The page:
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Insectivory in Pinus radiata plantations with different degree of structural complexity

Authordc.contributor.authorPoch, Tomás J. 
Authordc.contributor.authorSimonetti Zambelli, Javier Andrés 
Cita de ítemdc.identifier.citationForest Ecology and Management, Volumen 304,
Abstractdc.description.abstractIncreasing evidence suggests that, depending on the structural complexity of a plantation, it can act as complementary habitat for insectivore birds and mammals. The magnitude of interactions such as insectivory, in turn, have been determined by species' richness and abundance in an ecosystem. Therefore, insectivory can vary in function of the plantation's complexity, and thereby, decrease chance of plantations damage due to herbivorous insects. Through an experimental procedure, the insect larvae mortality risk in pine plantations with different degree of structural complexity was measured, together with the herbivory levels on Aristotelia chilensis related to each plantation type.Attacks to artificial caterpillars were significantly greater and herbivory significantly less in structurally complex plantations, where we found higher woody species richness and abundance and a greater understory development, compared to simple plantations. These results suggest that insectivory does vary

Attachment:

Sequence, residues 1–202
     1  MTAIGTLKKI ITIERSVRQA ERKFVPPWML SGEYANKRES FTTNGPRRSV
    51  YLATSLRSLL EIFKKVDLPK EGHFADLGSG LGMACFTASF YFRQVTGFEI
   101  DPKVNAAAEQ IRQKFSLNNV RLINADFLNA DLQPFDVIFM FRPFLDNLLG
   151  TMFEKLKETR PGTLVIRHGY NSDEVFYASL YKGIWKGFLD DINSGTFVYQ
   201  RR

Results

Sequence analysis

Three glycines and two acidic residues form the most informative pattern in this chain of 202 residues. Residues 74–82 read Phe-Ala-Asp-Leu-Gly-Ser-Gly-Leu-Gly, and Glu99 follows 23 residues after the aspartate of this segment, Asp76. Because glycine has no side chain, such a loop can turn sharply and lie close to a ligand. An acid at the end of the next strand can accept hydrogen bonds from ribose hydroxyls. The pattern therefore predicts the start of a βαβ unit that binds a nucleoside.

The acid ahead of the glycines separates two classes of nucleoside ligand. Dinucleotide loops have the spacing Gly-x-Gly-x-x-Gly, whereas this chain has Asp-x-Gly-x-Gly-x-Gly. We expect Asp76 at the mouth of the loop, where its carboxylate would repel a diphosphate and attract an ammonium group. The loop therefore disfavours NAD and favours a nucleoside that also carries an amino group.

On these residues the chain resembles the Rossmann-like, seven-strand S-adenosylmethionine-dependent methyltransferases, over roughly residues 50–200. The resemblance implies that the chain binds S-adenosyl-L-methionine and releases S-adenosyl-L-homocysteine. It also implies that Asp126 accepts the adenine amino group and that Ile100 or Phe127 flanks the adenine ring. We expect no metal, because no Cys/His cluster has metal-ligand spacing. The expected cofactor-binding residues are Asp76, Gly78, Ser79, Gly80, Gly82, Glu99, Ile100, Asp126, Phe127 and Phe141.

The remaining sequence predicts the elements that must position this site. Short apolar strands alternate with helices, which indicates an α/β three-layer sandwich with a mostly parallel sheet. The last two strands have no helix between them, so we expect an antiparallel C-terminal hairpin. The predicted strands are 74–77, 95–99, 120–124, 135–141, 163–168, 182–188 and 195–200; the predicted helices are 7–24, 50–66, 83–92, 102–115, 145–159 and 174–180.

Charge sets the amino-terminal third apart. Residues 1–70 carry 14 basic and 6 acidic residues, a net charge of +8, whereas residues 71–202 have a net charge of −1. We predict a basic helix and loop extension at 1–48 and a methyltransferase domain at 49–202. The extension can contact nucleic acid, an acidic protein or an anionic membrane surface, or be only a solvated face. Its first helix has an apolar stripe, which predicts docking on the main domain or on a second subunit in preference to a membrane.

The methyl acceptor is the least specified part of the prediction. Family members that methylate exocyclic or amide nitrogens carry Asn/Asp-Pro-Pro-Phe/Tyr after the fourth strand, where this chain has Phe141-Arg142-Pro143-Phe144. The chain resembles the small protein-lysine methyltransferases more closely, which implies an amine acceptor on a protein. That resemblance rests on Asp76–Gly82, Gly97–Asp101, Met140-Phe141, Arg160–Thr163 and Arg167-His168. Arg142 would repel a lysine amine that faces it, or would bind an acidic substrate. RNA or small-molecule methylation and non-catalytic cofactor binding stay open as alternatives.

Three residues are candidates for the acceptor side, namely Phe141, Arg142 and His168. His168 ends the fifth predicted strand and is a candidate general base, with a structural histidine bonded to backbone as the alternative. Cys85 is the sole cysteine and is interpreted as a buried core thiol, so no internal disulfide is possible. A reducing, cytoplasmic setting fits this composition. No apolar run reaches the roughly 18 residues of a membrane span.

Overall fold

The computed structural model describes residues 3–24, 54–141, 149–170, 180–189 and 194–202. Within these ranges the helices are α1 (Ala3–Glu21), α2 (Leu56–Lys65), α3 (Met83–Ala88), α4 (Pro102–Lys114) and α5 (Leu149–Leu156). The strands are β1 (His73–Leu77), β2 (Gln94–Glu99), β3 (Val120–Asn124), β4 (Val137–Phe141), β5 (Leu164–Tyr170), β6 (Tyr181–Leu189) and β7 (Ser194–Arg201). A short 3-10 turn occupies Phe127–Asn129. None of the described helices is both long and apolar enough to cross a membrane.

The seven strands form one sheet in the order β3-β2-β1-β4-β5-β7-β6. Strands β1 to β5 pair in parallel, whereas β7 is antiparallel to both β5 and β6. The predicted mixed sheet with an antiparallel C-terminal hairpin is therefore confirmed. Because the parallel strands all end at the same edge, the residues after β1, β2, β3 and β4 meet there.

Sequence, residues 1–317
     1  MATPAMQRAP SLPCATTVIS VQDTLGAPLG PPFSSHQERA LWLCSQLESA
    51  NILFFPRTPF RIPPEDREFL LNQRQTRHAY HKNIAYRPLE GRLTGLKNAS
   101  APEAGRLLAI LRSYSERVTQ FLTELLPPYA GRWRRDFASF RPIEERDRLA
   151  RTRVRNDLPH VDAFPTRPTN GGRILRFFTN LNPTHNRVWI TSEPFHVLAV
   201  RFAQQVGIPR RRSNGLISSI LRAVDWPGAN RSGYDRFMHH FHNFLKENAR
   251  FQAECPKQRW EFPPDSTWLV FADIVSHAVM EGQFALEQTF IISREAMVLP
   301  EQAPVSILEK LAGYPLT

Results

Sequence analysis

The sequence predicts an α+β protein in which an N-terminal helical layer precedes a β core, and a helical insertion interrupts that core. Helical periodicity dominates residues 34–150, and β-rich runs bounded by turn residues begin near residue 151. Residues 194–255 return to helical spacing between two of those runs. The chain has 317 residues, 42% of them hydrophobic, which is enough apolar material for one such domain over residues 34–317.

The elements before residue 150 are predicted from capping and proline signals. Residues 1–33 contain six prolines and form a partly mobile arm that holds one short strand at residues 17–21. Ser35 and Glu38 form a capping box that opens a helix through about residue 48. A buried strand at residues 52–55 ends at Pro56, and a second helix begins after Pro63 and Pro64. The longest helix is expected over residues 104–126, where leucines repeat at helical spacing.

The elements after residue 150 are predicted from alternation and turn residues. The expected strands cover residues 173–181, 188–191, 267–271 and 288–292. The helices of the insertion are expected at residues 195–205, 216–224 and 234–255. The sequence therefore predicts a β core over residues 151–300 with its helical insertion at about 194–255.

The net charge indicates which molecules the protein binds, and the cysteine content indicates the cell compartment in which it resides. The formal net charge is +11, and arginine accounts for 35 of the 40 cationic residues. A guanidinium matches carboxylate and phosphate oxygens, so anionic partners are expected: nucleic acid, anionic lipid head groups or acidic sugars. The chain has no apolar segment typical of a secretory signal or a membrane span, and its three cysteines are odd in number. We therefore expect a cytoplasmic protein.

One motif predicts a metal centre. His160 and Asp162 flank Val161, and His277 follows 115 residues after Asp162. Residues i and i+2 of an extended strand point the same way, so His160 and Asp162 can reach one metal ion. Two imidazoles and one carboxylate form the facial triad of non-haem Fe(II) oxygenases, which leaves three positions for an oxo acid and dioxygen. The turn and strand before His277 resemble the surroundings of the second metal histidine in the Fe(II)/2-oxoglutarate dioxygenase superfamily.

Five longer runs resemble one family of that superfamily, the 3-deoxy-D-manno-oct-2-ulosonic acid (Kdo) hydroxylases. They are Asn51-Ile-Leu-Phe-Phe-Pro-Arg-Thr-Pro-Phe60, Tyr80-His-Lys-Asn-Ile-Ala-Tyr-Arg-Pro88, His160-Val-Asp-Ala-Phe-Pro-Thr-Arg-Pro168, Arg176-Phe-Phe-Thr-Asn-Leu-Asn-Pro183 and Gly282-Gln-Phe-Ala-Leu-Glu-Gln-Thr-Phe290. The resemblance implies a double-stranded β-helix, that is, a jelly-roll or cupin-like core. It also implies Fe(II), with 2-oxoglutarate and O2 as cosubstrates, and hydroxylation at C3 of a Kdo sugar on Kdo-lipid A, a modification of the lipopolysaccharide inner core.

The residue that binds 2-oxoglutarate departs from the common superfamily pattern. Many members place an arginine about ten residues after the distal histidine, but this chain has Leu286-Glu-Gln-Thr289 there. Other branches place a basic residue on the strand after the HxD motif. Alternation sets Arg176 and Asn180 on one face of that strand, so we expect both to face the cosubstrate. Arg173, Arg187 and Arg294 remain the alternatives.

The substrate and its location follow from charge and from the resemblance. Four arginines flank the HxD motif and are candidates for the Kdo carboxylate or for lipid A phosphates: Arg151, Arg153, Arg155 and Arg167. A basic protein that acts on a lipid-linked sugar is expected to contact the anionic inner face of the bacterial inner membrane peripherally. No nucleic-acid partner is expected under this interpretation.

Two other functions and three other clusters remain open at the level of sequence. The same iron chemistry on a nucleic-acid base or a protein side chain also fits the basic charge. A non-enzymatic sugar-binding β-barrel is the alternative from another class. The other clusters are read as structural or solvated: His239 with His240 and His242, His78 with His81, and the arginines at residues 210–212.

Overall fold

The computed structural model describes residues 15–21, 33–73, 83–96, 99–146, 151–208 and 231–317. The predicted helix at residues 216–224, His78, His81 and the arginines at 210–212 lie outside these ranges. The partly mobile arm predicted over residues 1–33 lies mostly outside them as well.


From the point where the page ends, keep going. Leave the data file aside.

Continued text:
Type of licensedc.rightsAttribution-NonCommercial-NoDerivs 3.0 Chile
Link to Licensedc.rights.uri
Sourcedc.sourceForest Ecology and Management
Keywordsdc.subjectEcosystem services
Keywordsdc.subjectPine plantations
Keywordsdc.subjectStructural complexity
Títulodc.titleInsectivory in Pinus radiata plantations with different degree of structural complexity
Document typedc.typeArtículo de revista
Indexationuchile.indexArtículo de publicación SCOPUS

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Attribution-NonCommercial-NoDerivs 3.0 Chile
Except where otherwise noted, this item's license is described as Attribution-NonCommercial-NoDerivs 3.0 Chile